Voice Male editor Rob Okun says he has written versions of the commentary below more than 10 times over the years. After Sandy Hook, Virginia Tech, Northern Illinois, Aurora, Colo., Roseburg, Ore., Oak Creek, Wisc., Santa Barbara, Sutherland Springs, Tex., Las Vegas, and Orlando. The locations change, but the outline of the events remains the same. He continues to urge legislators at the local, state, and national level to move the gender of the shooter from the margins of the debate to the center of the national conversation about gun violence and masculinity. In the op-ed below first published before the shootings in Midland and Odessa, Texas but after El Paso and Dayton, Ohio—(published through the Peace Voice news syndicate)—he says that “Addressing mass shootings without making gender central to the debate is like expecting a three-legged stool to stand on two legs.”
The killing sprees in El Paso, Texas, and Dayton, Ohio last weekend brought the number of mass shootings in the first 215 days of the year to 251. In the United States of Ammunition, that’s more than one a day. What’s going on?
To paraphrase James Carville: “It’s the masculinity, people.”
It’s infuriating to me that because it’s so obvious who did the shooting, the media, politicians and pundits rarely cite the most significant common denominator of virtually every mass murder in the U.S.—the shooter’s gender.
The 21-year-old Texan charged with the El Paso murders is an avowed white supremacist man. The slain Dayton killer had previously compiled a “rape list” of females he wanted to sexually assault. Both are poster boys of toxic masculinity.
Any hope we’ll end the madness must begin by acknowledging that it’s almost always men shooting. Until we make gender central to our efforts to prevent mass shootings, we are on a fool’s errand. I have been repeating this message since Columbine and before Tree of Life, Thousand Oaks, Parkland, Sutherland Springs and Las Vegas; even before Virginia Tech, Sandy Hook and Aurora.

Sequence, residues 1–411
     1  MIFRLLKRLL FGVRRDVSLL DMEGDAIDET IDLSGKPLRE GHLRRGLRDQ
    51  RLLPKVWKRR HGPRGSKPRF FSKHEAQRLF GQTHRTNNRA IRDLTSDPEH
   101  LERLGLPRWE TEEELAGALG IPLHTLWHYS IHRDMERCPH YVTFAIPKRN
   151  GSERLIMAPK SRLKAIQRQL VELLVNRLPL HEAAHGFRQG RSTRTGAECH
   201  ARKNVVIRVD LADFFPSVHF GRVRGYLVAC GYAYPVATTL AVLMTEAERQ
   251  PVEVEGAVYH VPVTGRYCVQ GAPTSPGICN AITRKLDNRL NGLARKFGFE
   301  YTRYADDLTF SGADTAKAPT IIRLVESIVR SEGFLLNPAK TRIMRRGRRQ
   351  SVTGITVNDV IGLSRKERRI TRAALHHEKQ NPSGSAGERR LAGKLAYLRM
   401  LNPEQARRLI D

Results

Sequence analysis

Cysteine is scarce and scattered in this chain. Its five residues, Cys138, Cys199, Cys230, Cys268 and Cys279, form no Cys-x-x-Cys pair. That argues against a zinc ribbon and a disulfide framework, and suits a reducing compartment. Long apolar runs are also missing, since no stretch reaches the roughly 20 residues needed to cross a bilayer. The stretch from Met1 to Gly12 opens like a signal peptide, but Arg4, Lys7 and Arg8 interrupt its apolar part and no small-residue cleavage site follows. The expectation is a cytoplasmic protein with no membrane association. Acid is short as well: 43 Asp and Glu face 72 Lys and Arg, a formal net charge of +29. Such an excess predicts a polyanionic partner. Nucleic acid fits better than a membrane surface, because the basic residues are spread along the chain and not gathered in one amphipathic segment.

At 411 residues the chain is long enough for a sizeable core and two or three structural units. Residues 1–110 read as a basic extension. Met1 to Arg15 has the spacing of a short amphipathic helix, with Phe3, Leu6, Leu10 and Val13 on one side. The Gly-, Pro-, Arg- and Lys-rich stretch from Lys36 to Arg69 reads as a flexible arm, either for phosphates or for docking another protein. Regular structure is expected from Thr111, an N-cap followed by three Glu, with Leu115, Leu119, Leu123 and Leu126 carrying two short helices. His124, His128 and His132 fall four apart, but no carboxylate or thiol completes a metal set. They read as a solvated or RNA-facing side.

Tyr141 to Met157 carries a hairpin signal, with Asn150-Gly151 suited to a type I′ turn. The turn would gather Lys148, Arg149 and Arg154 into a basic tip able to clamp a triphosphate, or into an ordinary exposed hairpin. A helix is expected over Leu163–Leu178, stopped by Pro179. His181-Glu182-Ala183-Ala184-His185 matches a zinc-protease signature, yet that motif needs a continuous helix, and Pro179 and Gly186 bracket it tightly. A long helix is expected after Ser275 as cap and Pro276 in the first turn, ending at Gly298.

It’s been 20 years and they’ve all been male shooters, and usually white supremacists to boot.
Beyond gender, we also need to examine how we socialize boys and how little attention we give disaffected men. Think about the loner, the male outcast in high school. The Dayton killer’s ex-girlfriend told MSNBC that he had “no support system.” We know how alienated nearly all perpetrators of mass shootings are, which is why ignoring gender in the national conversation reveals an ignorance of the highest order—one that just escalates the danger.
Let’s increase gun regulations—the tougher, the better. Let’s step up pressure to shutter the NRA. Let’s support the Giffords Law Center, Guns Down America, Everytown for Gun Safety and the Brady campaign. Let’s also initiate a nationwide uprising that forces a conversation about masculinity in this country.
Let’s demand Congress authorize the Centers for Disease Control (CDC) to study how we socialize males, beginning in preschool, not just to identify troubled boys, but also, and more importantly, to better develop curricula to cultivate their emotional intelligence and enhance their sense of connection. A pilot program could be rolled out next spring through Head Start.
Since the #MeToo movement began, the media’s been pretty successful connecting the dots between toxic masculinity and sexual assault. Why the silence around gender when they cover mass shooters? How about a Frontlines investigation on manhood and violence? Or a John Oliver Last Week Tonight special. Newspapers in the cities where shootings have occurred could collaborate to produce a multipart nation-wide series on “Men, Masculinity and Mass Shootings.” The networks and cable news could do specials.
Why does virtually no one think about gender when considering mass shootings? Or, for that matter, when contemplating how to best protect people of color, LGBTQIA folks, Muslims and Jews when we are attacked? We assume the perpetrators will be men, usually white. If women had been the shooters in El Paso or Dayton, that’s all we’d be talking about. (Ditto if the shooters were persons of color.)
But addressing mass shootings without making gender central to the debate is like expecting a three-legged stool to stand on just two. To honor the memories of the murdered, and to comfort the wounded and their families, the least we can do is finally decide to talk about it.